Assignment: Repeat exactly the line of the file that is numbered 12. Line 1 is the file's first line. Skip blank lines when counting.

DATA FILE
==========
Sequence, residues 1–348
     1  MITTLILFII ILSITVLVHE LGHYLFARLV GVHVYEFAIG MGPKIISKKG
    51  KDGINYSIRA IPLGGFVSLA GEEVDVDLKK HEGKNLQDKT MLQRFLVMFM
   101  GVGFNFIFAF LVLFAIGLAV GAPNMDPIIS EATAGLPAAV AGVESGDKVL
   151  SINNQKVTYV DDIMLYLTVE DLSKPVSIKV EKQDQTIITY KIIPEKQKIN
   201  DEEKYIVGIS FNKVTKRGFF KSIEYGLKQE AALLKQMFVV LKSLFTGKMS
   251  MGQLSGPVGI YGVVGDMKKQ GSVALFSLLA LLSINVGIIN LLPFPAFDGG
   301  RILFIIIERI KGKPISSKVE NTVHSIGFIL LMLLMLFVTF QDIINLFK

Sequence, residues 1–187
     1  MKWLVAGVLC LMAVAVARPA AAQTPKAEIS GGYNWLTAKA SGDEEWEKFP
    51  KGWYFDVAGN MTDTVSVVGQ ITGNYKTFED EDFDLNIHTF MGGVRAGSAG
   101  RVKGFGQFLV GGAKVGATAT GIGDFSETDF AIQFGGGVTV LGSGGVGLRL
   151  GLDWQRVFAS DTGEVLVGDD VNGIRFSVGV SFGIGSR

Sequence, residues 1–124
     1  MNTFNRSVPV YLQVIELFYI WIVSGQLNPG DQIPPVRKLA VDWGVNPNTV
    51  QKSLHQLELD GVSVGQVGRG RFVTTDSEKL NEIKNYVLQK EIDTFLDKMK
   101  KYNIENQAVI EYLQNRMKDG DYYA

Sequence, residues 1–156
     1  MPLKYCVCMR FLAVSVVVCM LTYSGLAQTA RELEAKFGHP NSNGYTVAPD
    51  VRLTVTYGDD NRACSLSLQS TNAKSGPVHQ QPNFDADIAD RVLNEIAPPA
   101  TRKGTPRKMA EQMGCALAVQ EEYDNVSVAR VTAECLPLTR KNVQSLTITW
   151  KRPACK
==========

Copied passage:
   101  RVKGFGQFLV GGAKVGATAT GIGDFSETDF AIQFGGGVTV LGSGGVGLRL